Published Apr 23, 2010This story of Flying Lotus is uplifting. FlyLo, aka Stephen Ellison, is proof of how a community can lay a foundation for artists to develop and succeed on the strength of individual brilliance. With his highly anticipated third album, Cosmogramma, Ellison has blasted off into a far-out sonic universe. Though it is the most abstract work of his career, he will reach more fans than ever thanks in part to fellow cosmic traveller Thom Yorke, who turns in a brilliant guest vocal on "...And The World Laughs With You."
"I think that's a natural way for it all to blossom," Ellison says. "I've never really sat to analyze other people's communities to see how they all boomed, but that's how ours started. Good local support; picked up some steam internationally. I think what we're doing as far as the community goes is truly unique. People are truly and genuinely supportive of each other."
Ellison started putting beats together on computer in the early part of last decade, then fell in with fellow Los Angeles avant-rhythm purveyors such as Dublab, Plug Research and Stones Throw, at which he interned. Once identified with warped hip-hop production in the tradition of J Dilla and Madlib, Ellison has alchemized his influences into the multi-dimensional electronic music in which he and his Brainfeeder crew (the Gaslamp Killer, Samiyam, among others) specialize.
This community support has been a launching pad for his intensely personal musical vision. He speaks almost poetically about out-of-body experiences and theories of complete musical freedom. "We're capable of creating a new universe with sound," he exclaims, which could be his mission statement. "It doesn't have to be based with anything we've heard before; it can be based on whatever we want! We're free! There are no rules. There don't have to be patterns. It can be a gateway into my imagination, to some honesty."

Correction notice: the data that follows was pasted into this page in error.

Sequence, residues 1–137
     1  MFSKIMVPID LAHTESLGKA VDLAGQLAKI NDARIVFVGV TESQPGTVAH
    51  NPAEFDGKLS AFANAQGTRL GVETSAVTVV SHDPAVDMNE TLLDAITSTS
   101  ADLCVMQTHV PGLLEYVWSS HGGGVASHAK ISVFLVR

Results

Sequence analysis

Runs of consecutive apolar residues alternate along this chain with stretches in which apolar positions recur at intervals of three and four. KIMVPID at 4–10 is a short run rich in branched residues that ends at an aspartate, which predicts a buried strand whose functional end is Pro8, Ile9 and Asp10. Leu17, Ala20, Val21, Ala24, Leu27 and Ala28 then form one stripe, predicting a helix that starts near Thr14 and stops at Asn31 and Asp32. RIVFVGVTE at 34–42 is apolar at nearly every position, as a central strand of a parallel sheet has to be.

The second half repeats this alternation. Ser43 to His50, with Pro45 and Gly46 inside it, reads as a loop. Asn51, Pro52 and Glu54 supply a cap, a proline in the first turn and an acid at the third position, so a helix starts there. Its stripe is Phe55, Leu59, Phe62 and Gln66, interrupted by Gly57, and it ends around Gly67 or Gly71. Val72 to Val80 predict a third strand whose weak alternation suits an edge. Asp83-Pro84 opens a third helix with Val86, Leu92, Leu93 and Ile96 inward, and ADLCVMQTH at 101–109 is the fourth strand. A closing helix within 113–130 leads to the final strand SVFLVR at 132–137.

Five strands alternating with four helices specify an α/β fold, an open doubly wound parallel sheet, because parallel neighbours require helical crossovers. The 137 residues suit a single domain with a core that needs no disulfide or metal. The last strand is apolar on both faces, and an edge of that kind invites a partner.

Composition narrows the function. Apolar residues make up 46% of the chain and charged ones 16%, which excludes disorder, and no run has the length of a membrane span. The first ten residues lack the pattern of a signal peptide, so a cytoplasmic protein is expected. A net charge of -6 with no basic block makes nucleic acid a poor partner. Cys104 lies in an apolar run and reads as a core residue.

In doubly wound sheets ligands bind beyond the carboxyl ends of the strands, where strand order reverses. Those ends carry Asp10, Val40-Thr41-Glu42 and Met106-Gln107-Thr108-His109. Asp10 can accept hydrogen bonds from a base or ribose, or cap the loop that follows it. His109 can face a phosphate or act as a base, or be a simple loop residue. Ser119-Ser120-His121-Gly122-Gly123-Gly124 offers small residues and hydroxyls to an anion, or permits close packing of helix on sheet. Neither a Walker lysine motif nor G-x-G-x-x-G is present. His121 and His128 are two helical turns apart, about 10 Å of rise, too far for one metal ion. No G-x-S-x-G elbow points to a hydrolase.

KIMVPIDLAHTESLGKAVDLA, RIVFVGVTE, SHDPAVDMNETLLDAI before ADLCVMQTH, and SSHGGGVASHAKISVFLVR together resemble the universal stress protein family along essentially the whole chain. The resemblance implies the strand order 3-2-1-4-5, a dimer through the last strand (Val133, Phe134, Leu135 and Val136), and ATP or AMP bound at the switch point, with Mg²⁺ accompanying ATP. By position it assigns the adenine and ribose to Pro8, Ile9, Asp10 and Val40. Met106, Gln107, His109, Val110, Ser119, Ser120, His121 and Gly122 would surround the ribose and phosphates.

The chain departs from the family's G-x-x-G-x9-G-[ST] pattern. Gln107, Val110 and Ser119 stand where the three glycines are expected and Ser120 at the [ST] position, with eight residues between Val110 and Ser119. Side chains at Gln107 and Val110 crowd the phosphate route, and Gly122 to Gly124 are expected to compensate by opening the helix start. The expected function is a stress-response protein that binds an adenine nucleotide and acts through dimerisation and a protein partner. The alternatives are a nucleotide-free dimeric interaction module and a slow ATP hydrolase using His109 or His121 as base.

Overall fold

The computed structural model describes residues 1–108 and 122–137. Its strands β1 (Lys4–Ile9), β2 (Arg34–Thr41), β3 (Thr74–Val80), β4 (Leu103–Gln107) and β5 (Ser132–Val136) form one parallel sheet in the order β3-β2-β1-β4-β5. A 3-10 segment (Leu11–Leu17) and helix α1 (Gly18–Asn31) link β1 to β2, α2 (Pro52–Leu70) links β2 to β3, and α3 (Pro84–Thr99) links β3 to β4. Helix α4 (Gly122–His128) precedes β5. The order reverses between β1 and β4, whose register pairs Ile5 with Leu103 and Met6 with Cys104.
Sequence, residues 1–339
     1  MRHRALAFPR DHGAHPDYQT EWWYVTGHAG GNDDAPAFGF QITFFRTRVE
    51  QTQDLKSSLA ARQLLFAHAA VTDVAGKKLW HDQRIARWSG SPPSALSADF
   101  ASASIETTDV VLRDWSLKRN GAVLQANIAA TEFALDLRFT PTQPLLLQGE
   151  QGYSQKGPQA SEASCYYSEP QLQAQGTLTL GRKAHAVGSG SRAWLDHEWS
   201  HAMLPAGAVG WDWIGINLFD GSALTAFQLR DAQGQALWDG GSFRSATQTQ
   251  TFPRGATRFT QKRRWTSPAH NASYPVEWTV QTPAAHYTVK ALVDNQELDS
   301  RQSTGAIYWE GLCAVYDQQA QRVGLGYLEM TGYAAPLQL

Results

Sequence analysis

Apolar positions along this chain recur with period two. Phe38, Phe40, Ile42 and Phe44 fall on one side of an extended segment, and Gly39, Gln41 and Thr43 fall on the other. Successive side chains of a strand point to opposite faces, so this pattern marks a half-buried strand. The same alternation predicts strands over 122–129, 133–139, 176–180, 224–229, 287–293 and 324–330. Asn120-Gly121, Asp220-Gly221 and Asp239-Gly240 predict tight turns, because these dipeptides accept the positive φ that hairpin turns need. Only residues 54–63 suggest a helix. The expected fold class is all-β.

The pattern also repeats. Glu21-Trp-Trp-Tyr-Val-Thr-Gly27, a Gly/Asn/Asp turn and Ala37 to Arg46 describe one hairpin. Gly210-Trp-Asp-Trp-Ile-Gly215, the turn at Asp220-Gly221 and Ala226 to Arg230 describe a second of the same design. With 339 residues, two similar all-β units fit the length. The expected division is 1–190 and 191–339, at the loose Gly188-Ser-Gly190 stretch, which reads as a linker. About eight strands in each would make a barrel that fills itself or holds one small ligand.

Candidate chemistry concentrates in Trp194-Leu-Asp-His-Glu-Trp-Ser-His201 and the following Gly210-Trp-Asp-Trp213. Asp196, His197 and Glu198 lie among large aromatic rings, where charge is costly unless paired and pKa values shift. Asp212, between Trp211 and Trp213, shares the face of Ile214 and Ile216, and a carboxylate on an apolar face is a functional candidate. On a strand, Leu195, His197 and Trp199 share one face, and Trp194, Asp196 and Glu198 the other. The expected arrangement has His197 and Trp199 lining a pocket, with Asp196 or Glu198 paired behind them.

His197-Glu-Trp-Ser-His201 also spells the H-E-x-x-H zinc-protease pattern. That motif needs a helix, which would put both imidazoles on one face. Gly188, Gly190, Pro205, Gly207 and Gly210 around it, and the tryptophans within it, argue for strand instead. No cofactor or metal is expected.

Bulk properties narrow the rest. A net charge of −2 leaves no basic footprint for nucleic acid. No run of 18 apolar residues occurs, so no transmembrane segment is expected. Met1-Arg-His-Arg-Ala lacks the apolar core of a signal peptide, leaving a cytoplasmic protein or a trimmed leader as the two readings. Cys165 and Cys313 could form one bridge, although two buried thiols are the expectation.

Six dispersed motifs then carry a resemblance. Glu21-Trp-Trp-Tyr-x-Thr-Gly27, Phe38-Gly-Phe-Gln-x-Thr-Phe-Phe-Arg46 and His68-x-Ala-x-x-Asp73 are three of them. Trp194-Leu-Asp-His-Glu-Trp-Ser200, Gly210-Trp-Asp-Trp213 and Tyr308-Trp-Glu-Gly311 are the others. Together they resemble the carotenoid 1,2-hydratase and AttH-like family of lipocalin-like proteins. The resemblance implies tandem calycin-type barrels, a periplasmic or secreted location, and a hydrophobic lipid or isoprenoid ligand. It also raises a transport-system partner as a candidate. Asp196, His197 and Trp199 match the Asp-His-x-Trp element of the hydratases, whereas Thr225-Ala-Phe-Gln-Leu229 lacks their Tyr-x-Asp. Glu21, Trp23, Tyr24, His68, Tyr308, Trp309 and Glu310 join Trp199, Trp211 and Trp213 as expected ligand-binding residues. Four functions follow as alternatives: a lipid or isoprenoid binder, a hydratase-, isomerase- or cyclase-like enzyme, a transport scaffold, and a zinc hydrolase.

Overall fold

Incorporating live strings, bass, harp, Cosmogramma lurches from off-kilter 8-bit loops to deep space jazz. Ellison's sound world is extremely broad, which would do his aunt, the late harpist Alice Coltrane, proud. He is inspired by her music (check out the tribute "Auntie's Harp") not only for its simpatico blend of freedom and grooves, but "more than anything it's the sound of a seeker. An emotional sound. Someone who's trying to make sense of this experience through music."
As for his own experiences, his collaboration with Yorke ranks as a profound one. Though Ellison has produced many other vocalists, this "was more natural than a lot of other things I've done," he enthuses. "It came around really fast and really simple, out of mutual respect. It was a real honour to work with him. He doesn't share his musical universe with a lot of people."
Ellison is awed to have played shows with Radiohead, and about his success in general: "I was that kid in line trying to see Radiohead; I'm one of the kids he inspired, that he moved. Now, I'm glad to be one of the messengers of whatever it is. It's interesting to watch it as a spectator and as a fan to see where it's all going." For someone so preoccupied with ascending to astral planes, Flying Lotus keeps his feet firmly on the ground.